Oddly, visiting shock and awe on the environment is hardly in concert with traditional Republican values. After all, we have President Eisenhower (a Republican) to thank for designating the Arctic Refuge, and Republican president Theodore Roosevelt was a renowned conservationist whose legacy includes the very Wilderness Act that Bush is dismantling.

More moderate Republicans – that is, pre-Reagan administration – have historically supported some measure of government regulation and acknowledged the need to protect and preserve the land.

Aimee Christensen, executive director of Environment2004, says, "Conservation is deeply ingrained in the Republican ethos, and Bush is betraying his Republican roots."

A growing number of old-school Republicans, alarmed at the right-wing tilt of their party, are trying to foster some reforms. Martha Marks, founder of Republicans For Environmental Protection, told Sierra Magazine that the GOP has "been hijacked over the last two decades, catering to special-interest money and ideologues."

The result, Marks says, is "an anti-environmentalism that flies in the face of some of Roosevelt's most inspiring pronouncements: 'I do not intend that our natural resources shall be exploited by the few against the interests of the many.'"

Polls reveal that the majority of Americans, no matter what political party they belong to, desire stronger environmental protections. People want to breathe clean air and drink fresh water. They want their children to enjoy the same beaches, deserts and mountains as they did when they were kids.

As linguist George Lakoff says, the weaker the conservatives' positions, the more Orwellian their language. Since Bush knows that most Americans want a healthy environment, he employs deceptively labeled legislation like "Clear Skies" and "Healthy Forests" to camouflage the fact that these bills are gifts to industry polluters and do little to protect the environment or the interests of the average American.

John Kerry, unlike Bush, talks about the environment in terms of responsibility and nurturance. Kerry recognizes that environmental issues are public health and safety issues: communities that are free of toxins are healthy, secure communities, able to care for healthy children and families.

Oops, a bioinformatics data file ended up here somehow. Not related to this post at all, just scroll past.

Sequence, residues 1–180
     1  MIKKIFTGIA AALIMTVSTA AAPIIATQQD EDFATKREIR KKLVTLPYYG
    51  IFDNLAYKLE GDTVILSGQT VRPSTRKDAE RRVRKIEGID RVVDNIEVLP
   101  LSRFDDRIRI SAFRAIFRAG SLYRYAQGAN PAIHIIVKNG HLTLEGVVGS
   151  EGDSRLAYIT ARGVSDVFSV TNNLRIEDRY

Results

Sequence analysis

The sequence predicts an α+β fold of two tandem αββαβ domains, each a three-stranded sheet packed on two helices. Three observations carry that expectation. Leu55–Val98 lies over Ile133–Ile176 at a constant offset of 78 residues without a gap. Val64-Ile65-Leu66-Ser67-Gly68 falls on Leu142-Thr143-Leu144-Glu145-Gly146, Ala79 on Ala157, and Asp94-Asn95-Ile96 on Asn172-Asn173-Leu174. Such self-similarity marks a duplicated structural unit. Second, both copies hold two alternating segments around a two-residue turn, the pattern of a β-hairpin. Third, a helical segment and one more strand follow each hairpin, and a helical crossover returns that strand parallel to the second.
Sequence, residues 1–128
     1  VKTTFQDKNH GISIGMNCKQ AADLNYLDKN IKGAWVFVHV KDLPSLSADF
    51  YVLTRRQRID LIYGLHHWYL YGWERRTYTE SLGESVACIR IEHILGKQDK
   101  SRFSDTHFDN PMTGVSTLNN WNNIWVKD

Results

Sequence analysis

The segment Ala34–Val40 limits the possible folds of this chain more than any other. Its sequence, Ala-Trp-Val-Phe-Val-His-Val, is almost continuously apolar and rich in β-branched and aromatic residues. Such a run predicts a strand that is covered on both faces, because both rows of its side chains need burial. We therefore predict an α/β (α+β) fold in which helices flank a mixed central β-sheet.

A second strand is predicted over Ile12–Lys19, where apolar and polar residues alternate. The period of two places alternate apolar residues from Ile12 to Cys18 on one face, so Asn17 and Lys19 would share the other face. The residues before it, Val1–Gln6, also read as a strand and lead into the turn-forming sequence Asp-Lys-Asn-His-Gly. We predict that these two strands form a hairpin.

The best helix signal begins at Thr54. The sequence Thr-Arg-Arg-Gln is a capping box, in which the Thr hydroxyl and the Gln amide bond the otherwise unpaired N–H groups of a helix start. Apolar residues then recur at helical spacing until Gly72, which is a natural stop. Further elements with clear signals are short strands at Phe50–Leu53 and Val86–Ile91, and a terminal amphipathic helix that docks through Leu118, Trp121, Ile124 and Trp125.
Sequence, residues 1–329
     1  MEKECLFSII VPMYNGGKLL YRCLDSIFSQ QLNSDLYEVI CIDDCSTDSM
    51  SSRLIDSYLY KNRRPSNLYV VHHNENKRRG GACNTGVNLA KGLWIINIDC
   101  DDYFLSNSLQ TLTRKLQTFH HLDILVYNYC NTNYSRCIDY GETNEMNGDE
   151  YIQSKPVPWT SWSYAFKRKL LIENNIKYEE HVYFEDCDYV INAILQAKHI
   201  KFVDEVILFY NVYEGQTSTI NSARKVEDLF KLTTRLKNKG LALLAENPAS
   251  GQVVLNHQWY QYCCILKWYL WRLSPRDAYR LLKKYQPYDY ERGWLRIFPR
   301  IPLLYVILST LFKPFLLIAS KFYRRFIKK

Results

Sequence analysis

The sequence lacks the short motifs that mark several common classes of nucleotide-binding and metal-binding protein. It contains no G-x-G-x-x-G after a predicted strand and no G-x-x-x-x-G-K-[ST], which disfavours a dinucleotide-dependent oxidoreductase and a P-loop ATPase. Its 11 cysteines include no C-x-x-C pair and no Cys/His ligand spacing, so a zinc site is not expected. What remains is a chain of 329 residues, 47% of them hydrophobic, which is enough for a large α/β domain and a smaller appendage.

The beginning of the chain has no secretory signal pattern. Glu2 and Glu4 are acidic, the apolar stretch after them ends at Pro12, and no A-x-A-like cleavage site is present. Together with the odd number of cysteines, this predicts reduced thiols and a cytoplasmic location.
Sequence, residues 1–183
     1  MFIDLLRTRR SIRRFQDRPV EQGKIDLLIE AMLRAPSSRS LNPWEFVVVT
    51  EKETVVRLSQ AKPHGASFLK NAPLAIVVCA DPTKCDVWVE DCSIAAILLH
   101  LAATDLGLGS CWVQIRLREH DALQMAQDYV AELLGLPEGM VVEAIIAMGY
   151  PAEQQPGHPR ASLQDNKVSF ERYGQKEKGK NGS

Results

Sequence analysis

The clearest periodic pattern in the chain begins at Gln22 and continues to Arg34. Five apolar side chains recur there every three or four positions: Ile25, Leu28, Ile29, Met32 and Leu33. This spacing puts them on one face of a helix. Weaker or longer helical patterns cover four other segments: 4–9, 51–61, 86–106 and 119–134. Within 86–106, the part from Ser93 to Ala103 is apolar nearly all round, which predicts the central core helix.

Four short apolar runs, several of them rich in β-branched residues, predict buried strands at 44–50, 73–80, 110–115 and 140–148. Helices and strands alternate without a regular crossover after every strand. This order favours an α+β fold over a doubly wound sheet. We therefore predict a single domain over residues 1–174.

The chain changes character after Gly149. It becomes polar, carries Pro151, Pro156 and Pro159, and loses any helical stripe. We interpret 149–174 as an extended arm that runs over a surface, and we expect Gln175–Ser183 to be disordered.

As a strong believer in conservation, Kerry is upholding not just progressive values, but traditional American values. "As Americans," his web site says, "we have the right to breathe unpolluted air, drink safe water, eat uncontaminated food, live in clean communities and enjoy our natural treasures. In the 21st century, we can have progress without pollution – we can grow our economy while protecting our natural resources."

A clean environment, Kerry emphasizes, is an American right. Forests, rivers, wetlands and oceans, fish and wildlife – these things have their own intrinsic value and are not to be recklessly exploited. Kerry promises that he will "defend our environmental values and protect our environmental rights."

George Bush wants to let power plants spew three times more poisonous mercury into the air than they currently do; John Kerry co-sponsored a bill in 2003 that would cut power plant emissions of mercury and other pollutants.

Bush and Kerry have warring visions on the environment, because the environment represents different things to each of them. Bush sees nature as a treasure trove of raw materials to be used for short-term gain. To John Kerry, wildlands, rivers and oceans are publicly held assets to be cared for and guarded for future generations.

Sometime it seems like I'm looking at that photograph of Bingham Canyon all over again. And I wonder: is it a shining example of man's domination over nature – or just a big, ugly hole in the ground?